Forgiveness: Two Applications

Part 1: Forgiving Myself, Or Something.

Kol Nidreeeeeeeeeee

It’s Yom Kippur today, so naturally I’m 1. eating toast with nutella (fast lasted till approx. 10:45a) and 2. thinking about forgiveness.

One thing I’m thinking about a lot these days is how change seems to come at the intersection of love & anger. You have to have both. We have to love enough to want to change and to recognize that change is even possible. And we have to be angry to have an analysis of what’s wrong, and to have the fire in our belly to move forward.

This particularly hit home at synagogue last night, when I looked around and thought: how fantastic is it that we have this day that recognizes how totally imperfect we all are? And then I looked around at all the imperfect people, and felt a lot of love for all of them. Love: a feeling I have not felt in synagogue for some time.

So: A trillion more thoughts on love and anger to follow. Part II of this mini-series (on forgiving the Jewish community) may come in a few days — I have a lot of thoughts and feelings to sort through. In the meantime, here are some thoughts on forgiveness of myself, the other great place where I’m struggling these Days.

The way I’ve learned (and taught) leadership development is that it requires a lot of observation: you watch someone and then you give them feedback on their work. When I was starting out, that meant primarily that I was watching students — a student leading a training, and the students participating in the training — and giving them feedback.

But over time, as I took on other positions in the organization, and as we developed a more robust expectation and methodology for students developing other students, it required that I zoom out and watch a few different layers of development.

If I stepped into an intermediate-level training, for example, I’d watch:

  • The senior organizer staffing the training developing
  • The junior organizer staffing the training developing
  • The advanced students in the room, who were placed there for this purpose, developing
  • The trainers developing
  • The new students in the room

Like the Russian Nesting Doll of development. Ooh, that’s so fun. It makes you feel like you are seeing the WORLD at work.

OK, but you know what’s less fun? When that same principle is applied to your own thoughts.

Between the beginning of #YORC and the High Holidays, I’ve been thinking a lot about what I want to get out of this year, how I want to improve, what I’ve done wrong in the past year. And turns out that my pretty anxious, hard-on-itself, obsessive brain, no longer working so intently on work stuff, has lots more space to think about all of that, instead. And it’s getting ridiculous. Here’s the Russian Nesting Doll of my brain’s inner monologue:

  • You said you were going to take Spanish classes. You’ve been in San Francisco for TWELVE DAYS, ALREADY! Why haven’t you signed up for classes yet?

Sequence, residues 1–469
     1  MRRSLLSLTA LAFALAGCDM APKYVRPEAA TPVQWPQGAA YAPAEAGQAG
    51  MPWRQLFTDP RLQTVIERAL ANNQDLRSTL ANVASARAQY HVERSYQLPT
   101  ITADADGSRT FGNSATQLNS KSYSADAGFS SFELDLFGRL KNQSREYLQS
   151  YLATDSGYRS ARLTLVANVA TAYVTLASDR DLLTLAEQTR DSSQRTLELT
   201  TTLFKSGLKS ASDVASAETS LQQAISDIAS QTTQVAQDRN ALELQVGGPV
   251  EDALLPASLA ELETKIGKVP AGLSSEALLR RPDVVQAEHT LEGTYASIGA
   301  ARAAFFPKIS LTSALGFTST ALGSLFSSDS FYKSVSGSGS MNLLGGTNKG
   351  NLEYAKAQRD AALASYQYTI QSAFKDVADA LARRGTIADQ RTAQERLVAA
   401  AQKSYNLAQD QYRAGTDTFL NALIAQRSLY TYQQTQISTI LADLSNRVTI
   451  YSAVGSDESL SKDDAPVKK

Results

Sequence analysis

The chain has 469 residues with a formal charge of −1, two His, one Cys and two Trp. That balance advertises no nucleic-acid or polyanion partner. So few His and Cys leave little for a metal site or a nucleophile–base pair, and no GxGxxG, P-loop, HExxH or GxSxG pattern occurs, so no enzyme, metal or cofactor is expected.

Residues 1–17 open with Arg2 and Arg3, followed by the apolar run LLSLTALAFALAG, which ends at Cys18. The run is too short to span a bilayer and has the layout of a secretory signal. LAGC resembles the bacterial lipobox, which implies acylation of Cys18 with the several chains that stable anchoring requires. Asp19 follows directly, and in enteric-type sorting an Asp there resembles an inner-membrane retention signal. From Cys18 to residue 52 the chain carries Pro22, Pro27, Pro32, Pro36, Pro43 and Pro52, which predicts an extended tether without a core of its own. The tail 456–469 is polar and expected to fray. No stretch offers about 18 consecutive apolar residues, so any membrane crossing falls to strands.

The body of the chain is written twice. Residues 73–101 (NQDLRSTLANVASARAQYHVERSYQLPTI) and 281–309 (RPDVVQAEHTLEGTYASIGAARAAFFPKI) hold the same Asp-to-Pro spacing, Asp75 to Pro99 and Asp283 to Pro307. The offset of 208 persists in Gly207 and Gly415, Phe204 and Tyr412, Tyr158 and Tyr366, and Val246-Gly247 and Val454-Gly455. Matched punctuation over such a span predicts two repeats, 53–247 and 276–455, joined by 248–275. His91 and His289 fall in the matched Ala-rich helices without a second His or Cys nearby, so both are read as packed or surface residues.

• God, I can’t believe you’re obsessing about that. #YORC was supposed to be about relaxing! You need to get better at relaxing!
  • What, are you nuts? Now you’re hard on yourself for not RELAXING? What kind of privileged, elitist nonsense is that?
  • Ugh, you said that you were going to become more compassionate towards yourself. You can’t even do that right.
  • You know what you need? To go to a meditation class.


And this is where I struggle with forgiveness, and maybe compassion more broadly: How do you hold yourself accountable to something and also absolve yourself? At the same time.

On a low stakes level, how do I both not let myself off the hook for taking poor care of my physical health, and not scream at myself that I’m a terrible human for not going to the gym?

Or, to take a higher-stakes example, how do I get better at, say, not being so quick to anger — at people I care about, people I work alongside, people on the damn bus — while not being quick to anger at myself about being so quick to anger??

Our tradition teaches us that it’s not sufficient to just say the words year after year — we have to actually change. But I’m not always sure how to correct that behavior in a way that’s not berating myself.

This crossed my mind, for example, at synagogue yesterday, after we recited the Al Chet, the confession of sins: UGH, TURBOW, YOU ASKED FOR FORGIVENESS FOR GOSSIPING JUST A FEW HOURS AGO AND HERE YOU ARE, GOSSIPING, WHAT IS WRONG WITH YOU, YOU TERRIBLE PERSON!!!!!!!!!!

In other words, where do love and anger — in this case, at ourselves — have to meet in order for us to change? How do we clearly see what’s wrong with ourselves, without totally throwing out the baby of our goodness with the bathwater of our sins? How are we gentle with ourselves, without giving ourselves permission to be shitty?

So it’s a thing I’m working on.

Here’s one thing that’s working. I’ve learned that part of the purpose of meditation is to be able to just observe your thoughts instead of engaging with them, or being judgmental about them. You’re supposed to simply notice them, like “clouds in the sky” or “raindrops on a body of water” (choose your metaphor).

In other words, to be able to say, “oh! You are having a thought! Wow, that’s nice. Anyway…”

Yeah, clearly, I struggle with doing that.

But I had an epiphany this week. I’m finding that if I literally say, out loud to myself, “I notice that you’re thinking about how you haven’t signed up for Spanish classes yet,” it allows me to skip the next nineteen ridiculous steps. I have to actually say it. Small, but it’s working well.

So, maybe that’s helpful.

OK, now I have to go think about:

  • How imperfect this post is.
  • GOD, you should just feel proud of yourself for writing this down! It doesn’t have to be perfect! Worrying that something is imperfect is the #patriarchy speaking, you dum-dum.
  • OK, calling yourself a dum-dum is really unhelpful.
  • Hey, I notice you’re calling yourself a dum-dum.
  • Etc.